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Mariners playoff hopes end with a 6-1 loss to the Rangers

This is really all Abner Doubleday’s fault when you think about it

MLB: Texas Rangers at Seattle Mariners
They expected me to find somewhere, some perspective, but I sat and stared
Stephen Brashear-USA TODAY Sports

On the anniversary of the Mariners ending their 21-year playoff drought, they begin a new one. We imagine this one will be shorter, but the counter has begun. The manner in which the final nail was struck hardly matters, although it was an odd one. After heading into the final couple weeks as a Cy Young contender, the Rock split open. Luis Castillo made every one of his 33 starts this year, and for the first 32, he pitched at least five innings every time. Only tonight could he not even make it out of the third, pitching cautiously to avoid getting killed by the Rangers’ potent offense. So instead of a hammer blow, it was death by a thousand cuts, as the Rangers refused to chase and fouled off the pitches that were close to the zone. In the third inning, they strung together a bunch of unimpressive singles and hard-earned walks. After giving up four and reloading the bases, Castillo’s night, and his season, were done.

That brought in Matt Brash to try to leave the bases loaded. On the fourth pitch, Dylan Moore made one of the best plays of his career, hauling in this low-liner that Statcast assigned a catch probability of just 10%.

But I’m afraid that’s the only highlight you get. After escaping the inning with a win still in reach, the top of the lineup went down in order, and all felt lost. The damage didn’t get much worse, but they never recovered. Eugenio Suárez spared us all the indignity of a shutout with an eighth-inning home run, but no one looked like they were buying that hit as the start of a comeback. So the Mariners lost 6-1, and an hour later, Seattle’s own Corbin Carroll struck out in Phoenix to hand the Astros the final playoff spot.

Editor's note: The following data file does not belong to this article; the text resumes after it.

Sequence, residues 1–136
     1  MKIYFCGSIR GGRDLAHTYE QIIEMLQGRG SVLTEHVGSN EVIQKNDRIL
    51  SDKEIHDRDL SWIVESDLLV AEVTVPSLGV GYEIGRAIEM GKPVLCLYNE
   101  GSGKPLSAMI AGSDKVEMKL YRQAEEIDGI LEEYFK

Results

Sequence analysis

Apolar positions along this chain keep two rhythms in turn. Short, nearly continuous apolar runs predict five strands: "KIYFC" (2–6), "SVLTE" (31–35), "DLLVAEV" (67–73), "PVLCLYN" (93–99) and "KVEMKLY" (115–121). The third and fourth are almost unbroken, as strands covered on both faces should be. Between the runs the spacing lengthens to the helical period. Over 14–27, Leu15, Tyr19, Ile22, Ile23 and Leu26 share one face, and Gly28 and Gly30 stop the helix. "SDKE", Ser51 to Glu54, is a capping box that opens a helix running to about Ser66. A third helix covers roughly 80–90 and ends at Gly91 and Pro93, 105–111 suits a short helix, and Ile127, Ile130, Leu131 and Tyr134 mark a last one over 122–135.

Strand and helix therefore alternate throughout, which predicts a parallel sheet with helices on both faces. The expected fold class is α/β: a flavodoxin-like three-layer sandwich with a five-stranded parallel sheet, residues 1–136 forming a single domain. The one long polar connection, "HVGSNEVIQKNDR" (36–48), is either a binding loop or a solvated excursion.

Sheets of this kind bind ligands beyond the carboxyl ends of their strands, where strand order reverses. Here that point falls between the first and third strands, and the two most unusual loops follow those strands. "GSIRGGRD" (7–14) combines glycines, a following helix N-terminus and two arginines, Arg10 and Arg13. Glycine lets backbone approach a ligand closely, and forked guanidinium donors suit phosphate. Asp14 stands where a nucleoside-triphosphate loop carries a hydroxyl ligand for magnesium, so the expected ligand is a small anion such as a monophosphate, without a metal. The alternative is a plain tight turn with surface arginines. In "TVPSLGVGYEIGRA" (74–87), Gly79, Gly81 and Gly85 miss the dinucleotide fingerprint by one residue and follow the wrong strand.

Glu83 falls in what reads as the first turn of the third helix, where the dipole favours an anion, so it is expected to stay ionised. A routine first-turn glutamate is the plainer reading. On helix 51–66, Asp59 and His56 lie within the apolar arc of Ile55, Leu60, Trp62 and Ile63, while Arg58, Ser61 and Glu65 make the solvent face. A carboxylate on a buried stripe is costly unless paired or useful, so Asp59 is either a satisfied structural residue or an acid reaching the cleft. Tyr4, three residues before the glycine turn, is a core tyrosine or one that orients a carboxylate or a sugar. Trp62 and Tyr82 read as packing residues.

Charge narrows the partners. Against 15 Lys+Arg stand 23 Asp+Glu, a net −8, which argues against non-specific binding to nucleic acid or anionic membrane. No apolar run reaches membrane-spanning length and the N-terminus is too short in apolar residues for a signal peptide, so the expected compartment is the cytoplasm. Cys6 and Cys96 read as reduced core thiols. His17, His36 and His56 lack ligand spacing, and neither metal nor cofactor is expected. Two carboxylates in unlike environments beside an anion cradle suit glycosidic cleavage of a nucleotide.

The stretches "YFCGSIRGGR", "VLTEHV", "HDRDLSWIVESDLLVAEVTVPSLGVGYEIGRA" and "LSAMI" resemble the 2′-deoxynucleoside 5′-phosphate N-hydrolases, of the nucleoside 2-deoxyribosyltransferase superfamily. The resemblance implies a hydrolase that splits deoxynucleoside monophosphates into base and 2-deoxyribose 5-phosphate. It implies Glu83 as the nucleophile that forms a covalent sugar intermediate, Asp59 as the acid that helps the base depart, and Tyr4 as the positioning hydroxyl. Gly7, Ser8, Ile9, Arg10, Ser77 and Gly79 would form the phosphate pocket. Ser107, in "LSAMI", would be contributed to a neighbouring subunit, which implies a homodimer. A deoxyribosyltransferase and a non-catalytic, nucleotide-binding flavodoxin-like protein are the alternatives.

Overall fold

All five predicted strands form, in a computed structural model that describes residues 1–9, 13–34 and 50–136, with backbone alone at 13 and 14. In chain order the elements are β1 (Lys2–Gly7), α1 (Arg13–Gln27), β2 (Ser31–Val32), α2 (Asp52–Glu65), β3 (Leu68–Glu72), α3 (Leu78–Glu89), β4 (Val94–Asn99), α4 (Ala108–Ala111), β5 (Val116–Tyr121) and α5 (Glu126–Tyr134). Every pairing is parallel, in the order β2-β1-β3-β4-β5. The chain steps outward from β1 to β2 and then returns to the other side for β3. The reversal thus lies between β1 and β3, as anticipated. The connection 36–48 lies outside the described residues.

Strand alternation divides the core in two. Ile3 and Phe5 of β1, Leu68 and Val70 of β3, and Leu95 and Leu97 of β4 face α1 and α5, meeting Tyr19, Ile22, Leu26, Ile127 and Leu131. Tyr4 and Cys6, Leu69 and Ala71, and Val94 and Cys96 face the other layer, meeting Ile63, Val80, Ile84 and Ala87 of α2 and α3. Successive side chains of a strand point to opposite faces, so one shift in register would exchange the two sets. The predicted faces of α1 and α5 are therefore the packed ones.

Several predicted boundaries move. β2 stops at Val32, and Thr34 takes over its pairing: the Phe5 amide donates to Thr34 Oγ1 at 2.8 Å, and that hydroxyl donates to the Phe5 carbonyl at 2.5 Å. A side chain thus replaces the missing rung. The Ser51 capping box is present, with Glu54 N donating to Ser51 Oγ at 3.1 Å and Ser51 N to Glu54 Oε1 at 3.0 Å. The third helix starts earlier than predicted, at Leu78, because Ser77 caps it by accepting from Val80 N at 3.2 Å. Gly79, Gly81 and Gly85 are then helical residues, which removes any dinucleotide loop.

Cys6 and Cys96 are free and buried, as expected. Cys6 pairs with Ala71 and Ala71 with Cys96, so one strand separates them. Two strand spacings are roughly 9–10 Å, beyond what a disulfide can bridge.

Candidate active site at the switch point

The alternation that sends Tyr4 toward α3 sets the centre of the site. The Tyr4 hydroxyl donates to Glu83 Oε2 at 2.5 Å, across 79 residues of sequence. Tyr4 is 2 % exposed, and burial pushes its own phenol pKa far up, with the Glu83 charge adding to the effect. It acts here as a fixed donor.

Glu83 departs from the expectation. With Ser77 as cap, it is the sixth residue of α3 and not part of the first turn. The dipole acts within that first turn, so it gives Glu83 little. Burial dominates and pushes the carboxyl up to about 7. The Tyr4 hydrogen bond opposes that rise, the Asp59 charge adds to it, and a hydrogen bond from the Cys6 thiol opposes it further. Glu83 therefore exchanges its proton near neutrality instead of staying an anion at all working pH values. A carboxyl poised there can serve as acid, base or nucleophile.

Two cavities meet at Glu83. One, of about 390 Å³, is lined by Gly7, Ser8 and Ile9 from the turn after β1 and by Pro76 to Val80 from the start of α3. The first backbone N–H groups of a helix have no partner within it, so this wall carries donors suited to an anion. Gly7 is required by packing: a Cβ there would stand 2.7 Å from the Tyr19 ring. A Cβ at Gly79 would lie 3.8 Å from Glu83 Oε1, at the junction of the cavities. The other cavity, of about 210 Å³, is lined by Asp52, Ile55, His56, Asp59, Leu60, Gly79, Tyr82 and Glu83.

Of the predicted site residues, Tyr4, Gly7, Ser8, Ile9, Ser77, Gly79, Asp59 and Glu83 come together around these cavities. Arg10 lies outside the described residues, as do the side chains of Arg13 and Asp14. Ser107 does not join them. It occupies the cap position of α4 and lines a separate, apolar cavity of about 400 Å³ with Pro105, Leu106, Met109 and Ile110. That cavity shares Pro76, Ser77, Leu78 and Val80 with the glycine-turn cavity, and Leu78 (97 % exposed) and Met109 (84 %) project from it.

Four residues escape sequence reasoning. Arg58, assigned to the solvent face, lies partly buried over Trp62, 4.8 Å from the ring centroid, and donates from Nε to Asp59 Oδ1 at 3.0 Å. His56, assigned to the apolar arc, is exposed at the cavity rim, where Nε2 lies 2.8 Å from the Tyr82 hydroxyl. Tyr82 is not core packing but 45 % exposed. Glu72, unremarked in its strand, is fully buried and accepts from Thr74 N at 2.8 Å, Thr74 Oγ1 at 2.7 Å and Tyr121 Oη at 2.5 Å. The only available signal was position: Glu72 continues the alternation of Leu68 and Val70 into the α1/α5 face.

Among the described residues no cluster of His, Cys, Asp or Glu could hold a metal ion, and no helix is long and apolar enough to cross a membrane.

At this point, a friend texted me, “Well at least it was fun along the way.” To which I reflexively replied, “Was it though?”

And while that’s a hilarious joke, the more I think about it, the more I think that yes, there was actually fun along the way. Scripture reminds us that falling feels like flying till the bone crush. Despite tonight’s splat, there were, truly, moments where we soared.

Don’t forget that we began the year with the T-Mobile faithful taunting the eminently hateable James Karinchak into a series of pitch-clock violations that ended with a game-winning Ty France bomb.

There was the Cade Marlowe grand slam that kicked off the Mickey Mop four-game sweep in Anaheim, effectively ending the Angels’ would-be dynasty. Julio became the 44th player to join the 30-30 club, and Cal became the 29th catcher with a 30-homer season. There was the time Bryce Miller announced that there was a new sheriff in town, effortlessly striking out 10 in his MLB debut. After getting their lunches eaten by Houston for the better part of a decade, the Mariners won the season series against them, including a sweep in Houston.

Logan Gilbert and George Kirby threw their first complete games. The Mariners won more games in August than the franchise ever had in a single month. And Julio broke his own record at the Home Run Derby, doing so in his home park in front of 45,000 of you.

What I’m saying is that you’ll have some legitimate choices for the Lookies next week.

Was this team a drag to write about at times? Absolutely. But overall, I can’t say it was un-fun. In just my corner of the site, we believed in Jarred Kelenic together and appreciated J.P. Crawford together. We started a new Play of the Week feature, which not that many of you seemed to enjoy. Which isn’t a complaint! Trying new things is how we grow; it’s how Logan Gilbert found a devastating splitter. We’ll try more new things next year. On the recap front, we compared Eugenio Suarez to Princess Leia and Bryan Woo to Teri Hatcher. And we got ChatGPT and DALL-E’s takes on a loss to the Brewers, which gave us one of my favorite images.